Tesla Motors about to announce Reno as Gigafactory location – according to several reports

According to reports surfacing today, Tesla Motors has gone ahead and chosen Reno as the site of the Gigafactory.  Nevada Governor Brian Sandoval is holding a press conference on Thursday to announce “a major economic development announcement” and according to the reports, a special legislative session has been called so the legislature can sign off on the deal or pass some enabling legislation.  Tesla Motors has confirmed they will be making an announcement in conjunction with Gov. Sandoval.

The Gigafactory is one of the required assets Tesla must build for ramping up Tesla Model 3 production.  That car will be produced in volumes above 100,000 per year, containing perhaps 60 kilowatt-hours of battery pack per car, and to meet production volume and target price goals Tesla Motors has determined it must build a gigantic battery pack factory with partner Panasonic.

What we haven’t known is the location for that factory, because Tesla Motors is playing off several states to get the best deal in multiple dimensions.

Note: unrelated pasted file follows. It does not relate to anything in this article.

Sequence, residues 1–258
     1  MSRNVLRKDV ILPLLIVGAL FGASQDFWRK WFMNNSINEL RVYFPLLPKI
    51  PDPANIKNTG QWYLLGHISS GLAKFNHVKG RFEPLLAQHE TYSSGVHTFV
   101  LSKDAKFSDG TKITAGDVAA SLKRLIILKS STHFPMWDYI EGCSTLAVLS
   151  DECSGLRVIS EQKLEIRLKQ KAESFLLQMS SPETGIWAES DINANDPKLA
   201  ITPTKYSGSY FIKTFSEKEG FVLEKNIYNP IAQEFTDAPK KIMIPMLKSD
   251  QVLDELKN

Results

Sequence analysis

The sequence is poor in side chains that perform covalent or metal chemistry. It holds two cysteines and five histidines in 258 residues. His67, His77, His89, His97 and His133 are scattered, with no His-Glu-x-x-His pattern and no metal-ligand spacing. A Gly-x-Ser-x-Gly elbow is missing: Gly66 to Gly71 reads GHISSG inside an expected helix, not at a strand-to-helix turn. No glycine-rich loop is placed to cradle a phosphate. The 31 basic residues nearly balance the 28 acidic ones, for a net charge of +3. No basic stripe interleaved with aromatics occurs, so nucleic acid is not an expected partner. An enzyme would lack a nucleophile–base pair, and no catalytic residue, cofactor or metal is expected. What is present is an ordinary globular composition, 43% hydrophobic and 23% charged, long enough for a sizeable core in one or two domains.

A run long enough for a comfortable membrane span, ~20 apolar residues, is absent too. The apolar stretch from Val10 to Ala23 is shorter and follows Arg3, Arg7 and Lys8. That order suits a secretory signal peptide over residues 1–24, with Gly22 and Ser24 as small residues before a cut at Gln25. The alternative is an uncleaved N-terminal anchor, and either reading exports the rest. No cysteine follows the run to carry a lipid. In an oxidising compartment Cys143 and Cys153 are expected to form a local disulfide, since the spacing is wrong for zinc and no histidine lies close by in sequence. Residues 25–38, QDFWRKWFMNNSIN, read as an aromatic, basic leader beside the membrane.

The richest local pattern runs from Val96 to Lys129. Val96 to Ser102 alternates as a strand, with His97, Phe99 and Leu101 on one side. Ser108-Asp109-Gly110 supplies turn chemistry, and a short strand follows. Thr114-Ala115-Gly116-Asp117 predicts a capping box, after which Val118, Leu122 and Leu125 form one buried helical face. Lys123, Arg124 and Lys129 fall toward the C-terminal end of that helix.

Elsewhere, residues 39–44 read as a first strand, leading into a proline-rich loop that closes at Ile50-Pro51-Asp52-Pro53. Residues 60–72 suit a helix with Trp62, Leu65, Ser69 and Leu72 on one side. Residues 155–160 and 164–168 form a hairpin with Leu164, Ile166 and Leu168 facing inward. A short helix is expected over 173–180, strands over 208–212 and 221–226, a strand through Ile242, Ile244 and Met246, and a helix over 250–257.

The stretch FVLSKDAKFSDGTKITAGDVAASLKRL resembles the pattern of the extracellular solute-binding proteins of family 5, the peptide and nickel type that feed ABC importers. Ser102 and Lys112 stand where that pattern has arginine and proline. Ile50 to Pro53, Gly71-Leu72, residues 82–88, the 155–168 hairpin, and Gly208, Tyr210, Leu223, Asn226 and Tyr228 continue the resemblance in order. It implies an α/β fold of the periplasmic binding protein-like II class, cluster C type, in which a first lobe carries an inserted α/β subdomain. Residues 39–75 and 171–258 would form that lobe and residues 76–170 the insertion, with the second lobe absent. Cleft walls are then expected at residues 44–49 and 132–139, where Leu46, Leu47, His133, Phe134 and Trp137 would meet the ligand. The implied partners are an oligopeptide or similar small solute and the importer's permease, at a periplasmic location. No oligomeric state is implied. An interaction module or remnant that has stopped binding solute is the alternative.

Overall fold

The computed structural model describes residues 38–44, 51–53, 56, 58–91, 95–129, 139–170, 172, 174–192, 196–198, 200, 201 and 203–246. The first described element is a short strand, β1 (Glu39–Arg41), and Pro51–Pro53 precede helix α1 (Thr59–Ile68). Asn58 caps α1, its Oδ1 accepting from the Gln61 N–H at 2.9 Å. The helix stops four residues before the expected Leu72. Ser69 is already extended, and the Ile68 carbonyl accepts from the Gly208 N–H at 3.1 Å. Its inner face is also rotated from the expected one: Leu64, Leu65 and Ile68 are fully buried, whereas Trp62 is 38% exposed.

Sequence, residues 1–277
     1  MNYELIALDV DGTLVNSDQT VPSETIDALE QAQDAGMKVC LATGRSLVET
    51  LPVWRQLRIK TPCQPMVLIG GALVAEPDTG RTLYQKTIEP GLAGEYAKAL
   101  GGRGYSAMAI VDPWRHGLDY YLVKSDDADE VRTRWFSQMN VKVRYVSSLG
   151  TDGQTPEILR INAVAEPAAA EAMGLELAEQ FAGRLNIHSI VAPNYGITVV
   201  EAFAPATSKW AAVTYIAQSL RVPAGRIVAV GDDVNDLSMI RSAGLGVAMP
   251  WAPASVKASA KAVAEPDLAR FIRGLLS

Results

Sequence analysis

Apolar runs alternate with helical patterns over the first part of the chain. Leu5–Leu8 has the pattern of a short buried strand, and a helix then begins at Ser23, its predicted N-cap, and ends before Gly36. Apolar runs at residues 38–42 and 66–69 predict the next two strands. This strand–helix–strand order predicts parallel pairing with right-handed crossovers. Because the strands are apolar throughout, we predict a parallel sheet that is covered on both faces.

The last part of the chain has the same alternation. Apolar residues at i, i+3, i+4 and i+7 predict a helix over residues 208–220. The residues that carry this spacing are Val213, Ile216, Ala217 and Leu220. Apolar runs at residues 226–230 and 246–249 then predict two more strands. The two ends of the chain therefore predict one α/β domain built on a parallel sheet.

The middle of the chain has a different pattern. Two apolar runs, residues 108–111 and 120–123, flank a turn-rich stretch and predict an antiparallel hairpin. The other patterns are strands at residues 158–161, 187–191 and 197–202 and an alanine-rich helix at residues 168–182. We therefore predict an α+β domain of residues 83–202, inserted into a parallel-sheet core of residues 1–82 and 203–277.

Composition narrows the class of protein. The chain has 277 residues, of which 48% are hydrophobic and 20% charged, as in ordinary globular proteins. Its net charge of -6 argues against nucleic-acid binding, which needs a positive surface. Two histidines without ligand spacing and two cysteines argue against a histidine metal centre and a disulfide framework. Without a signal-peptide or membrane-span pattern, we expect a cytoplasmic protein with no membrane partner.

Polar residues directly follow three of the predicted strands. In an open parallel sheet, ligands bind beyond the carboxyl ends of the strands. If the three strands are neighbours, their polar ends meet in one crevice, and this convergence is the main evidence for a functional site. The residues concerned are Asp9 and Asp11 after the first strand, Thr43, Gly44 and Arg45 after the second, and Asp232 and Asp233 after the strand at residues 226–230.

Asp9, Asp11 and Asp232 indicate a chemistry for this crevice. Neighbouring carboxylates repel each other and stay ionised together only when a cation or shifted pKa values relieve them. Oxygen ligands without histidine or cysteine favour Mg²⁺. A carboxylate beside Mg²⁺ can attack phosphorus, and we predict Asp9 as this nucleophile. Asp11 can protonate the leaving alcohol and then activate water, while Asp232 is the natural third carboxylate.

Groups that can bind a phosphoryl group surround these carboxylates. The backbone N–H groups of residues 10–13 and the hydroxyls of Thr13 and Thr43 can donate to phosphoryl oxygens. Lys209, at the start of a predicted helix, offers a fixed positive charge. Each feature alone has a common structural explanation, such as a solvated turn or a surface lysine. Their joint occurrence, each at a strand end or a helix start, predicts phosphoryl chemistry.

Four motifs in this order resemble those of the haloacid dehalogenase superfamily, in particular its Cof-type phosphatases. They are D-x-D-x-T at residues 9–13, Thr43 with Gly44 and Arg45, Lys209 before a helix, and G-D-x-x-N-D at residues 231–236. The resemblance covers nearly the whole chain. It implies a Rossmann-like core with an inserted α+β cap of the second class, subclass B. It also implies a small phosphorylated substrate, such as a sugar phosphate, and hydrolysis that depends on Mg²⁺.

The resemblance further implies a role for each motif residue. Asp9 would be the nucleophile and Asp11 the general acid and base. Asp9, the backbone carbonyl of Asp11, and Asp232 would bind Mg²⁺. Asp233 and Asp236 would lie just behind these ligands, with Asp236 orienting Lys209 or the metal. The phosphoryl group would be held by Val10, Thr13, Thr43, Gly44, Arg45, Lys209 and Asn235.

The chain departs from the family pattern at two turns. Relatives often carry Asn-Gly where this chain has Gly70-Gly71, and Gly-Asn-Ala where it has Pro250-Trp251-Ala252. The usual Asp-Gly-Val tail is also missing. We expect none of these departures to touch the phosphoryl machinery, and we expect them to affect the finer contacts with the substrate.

We did learn in July that a site was being prepared near Reno, under extreme secrecy, and that the site appeared to have been abandoned.  Tesla CEO Elon Musk did confirm the work in Reno during the most recent analyst conference call, and at that time he reiterated that they’d be pursuing negotiations with several states.

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According to a report by the Review Journal, the choice has been made, and Tesla Motors is set to announce Reno as the site for the Gigafactory.  That report in turn references a CNBC report citing unnamed sources who say the deal is done, and that they’re working out details.  Additionally Nevada Governor Brian Sandoval’s office has announced a press conference on Thursday for “a major economic development announcement.”

For its part, the Review Journal piece flatly says “Tesla has chosen Nevada for its $5 billion battery plant.”  It doesn’t cite any proof beyond the CNBC report which makes me wonder just how they came to this conclusion.